Long Island City locals rally outside Queensbridge Houses to counter claim that Amazon has no neighb

Supporters of Amazon’s plan to bring a new hub to Queens gathered Monday in front of the Queensbridge North Houses to counter critics who say the deal has little to no grassroots backing.

Their event attracted a diverse — and unlikely — mix of about a dozen people to the Long Island City public housing complex and included tenant leaders, a representative from the pro-business Association for a Better New York and Rep. Carolyn Maloney.

April Simpson, president of the Queensbridge Houses Tenant Association, was front and center. She contends that, unlike other new arrivals to the area, Amazon has been talking with the group since “Day One” and believes the Seattle-based company will hire people living in the NYCHA complex.

“You know why? Because we have a voice,” she said. “We’re at the table. That’s the blessing.”

Beside her was Angela Pinsky, ABNY’s executive director, who said turning the company away now would send “a terrible signal.” She cited a recent ABNY study that found new tech jobs can have a ripple effect in lifting up other industries.

“Having Amazon select Queens for its HQ2 sent a signal to employers, tech companies, entrepreneurs, investors and researchers around the world that New York City was a place to be,” she said.

But critics of Amazon questioned Monday’s Queensbridge rally and the company’s community outreach tactics. During an appearance on WCNY radio Monday, state Sen. Michael Gianaris (D-Queens) said people in community groups he’s spoken with described the outreach as a distraction where nothing actually gets accomplished.

“I’ve heard from a number of them privately that they can’t get anywhere, that it’s all part of a show,” said Gianaris, who was recently appointed to a committee that could block the deal.

Other elected officials came out to Queensbridge to support the deal.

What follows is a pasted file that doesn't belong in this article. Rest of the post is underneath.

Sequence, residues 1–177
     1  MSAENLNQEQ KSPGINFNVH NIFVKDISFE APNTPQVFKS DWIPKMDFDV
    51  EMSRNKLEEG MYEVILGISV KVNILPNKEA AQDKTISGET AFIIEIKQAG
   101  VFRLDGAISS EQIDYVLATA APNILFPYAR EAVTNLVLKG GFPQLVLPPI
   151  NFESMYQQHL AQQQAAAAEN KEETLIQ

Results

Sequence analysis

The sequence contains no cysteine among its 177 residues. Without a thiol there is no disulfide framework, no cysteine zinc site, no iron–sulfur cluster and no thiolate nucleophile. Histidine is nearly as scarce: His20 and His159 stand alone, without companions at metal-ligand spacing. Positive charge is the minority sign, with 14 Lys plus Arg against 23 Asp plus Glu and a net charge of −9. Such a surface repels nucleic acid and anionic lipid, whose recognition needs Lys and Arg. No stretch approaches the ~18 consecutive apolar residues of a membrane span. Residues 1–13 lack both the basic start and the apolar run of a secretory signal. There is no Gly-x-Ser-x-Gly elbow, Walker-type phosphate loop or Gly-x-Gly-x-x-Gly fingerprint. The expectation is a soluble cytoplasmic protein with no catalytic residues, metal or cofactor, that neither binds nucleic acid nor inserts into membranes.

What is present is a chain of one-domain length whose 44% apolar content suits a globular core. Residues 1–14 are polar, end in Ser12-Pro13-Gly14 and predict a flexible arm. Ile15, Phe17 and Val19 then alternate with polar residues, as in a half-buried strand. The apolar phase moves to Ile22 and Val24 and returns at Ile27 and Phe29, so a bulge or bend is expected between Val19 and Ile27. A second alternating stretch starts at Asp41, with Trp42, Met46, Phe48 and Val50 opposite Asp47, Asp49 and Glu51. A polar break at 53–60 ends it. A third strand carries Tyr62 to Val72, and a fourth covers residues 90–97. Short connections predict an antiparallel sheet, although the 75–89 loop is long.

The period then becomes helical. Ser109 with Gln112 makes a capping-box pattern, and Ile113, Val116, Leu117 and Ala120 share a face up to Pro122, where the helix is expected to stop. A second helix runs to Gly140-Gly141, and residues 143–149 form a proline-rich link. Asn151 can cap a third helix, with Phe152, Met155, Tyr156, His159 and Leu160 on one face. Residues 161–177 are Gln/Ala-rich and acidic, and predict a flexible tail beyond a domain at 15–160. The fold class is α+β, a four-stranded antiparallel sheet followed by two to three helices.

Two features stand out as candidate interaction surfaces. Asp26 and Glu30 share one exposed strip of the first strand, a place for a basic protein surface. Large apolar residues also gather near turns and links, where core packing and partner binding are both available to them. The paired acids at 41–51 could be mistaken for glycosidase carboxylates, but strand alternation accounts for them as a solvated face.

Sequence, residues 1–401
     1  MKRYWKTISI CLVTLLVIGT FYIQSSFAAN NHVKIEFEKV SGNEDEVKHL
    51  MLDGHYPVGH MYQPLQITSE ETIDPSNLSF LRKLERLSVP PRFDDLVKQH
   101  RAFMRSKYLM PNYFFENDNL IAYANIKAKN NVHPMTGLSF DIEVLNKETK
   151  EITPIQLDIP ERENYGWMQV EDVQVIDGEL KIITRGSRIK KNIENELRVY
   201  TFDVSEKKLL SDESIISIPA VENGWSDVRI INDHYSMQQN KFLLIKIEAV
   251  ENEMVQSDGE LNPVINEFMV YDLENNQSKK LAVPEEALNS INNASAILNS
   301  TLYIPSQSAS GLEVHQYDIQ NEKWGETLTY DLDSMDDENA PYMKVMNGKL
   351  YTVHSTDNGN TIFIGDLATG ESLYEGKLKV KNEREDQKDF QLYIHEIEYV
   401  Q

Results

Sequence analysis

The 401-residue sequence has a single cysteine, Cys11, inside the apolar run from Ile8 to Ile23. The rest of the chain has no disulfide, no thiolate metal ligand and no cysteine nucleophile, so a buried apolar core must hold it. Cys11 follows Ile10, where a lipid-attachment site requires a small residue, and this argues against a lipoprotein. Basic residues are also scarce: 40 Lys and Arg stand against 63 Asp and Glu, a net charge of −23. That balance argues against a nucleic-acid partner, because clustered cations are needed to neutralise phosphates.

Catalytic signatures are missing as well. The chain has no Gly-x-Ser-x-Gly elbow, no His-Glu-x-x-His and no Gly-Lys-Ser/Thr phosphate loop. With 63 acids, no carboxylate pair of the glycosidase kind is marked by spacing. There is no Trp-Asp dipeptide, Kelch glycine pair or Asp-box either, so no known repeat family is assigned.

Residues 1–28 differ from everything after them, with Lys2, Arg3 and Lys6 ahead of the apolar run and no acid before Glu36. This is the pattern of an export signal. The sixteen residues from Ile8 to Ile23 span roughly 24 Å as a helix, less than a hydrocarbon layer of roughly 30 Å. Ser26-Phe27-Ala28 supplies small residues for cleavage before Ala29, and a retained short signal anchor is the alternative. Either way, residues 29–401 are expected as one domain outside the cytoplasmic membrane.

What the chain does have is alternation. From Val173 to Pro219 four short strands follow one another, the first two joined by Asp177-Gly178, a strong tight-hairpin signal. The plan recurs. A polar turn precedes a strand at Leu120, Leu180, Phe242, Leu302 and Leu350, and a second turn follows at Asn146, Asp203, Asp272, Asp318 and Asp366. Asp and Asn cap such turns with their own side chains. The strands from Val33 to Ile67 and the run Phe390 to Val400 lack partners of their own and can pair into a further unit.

Congresswoman Carolyn Maloney, who represents the site of the proposed Amazon hub, said people who live in the area want the deal to go through.

“We’re here in the largest public housing project — not in New York City — but in the entire country,” she said. “What the residents of this community are telling me is that they want jobs. They want training. They want opportunity.”

Maloney, a Democrat who serves on the House Financial Services Committee, said another reason for supporting Amazon in Queens is it will help diversify the city’s economy, which is now heavily reliant on the financial sector.

“You can support the jobs and Amazon while still questioning other aspects, such as the extent of the subsidies, or the commitment to entry-level jobs,” she said.

Testifying at the state legislature’s Joint Fiscal Committee meeting Monday, Mayor de Blasio defended his decision to support the deal and cited the 25,000 to 40,000 new jobs it could mean to the city.

“It was mission critical that this city get those jobs,” he said.

And Gov. Cuomo touched on the possibility that Amazon could back out, noting that Newark offered $7 billion in tax incentives to the company, compared with New York’s $3 billion package.

“If you’re Amazon you say, ‘Why don’t I do that?’” he said.

He acknowledged again Monday that he understands the “political environment” that’s led others to resist the deal, but argued that it would be “single greatest economic development transaction in the state’s history.”

“The economics of the Amazon transaction are bulletproof,” he said. “You don’t get 25,000 jobs anymore.”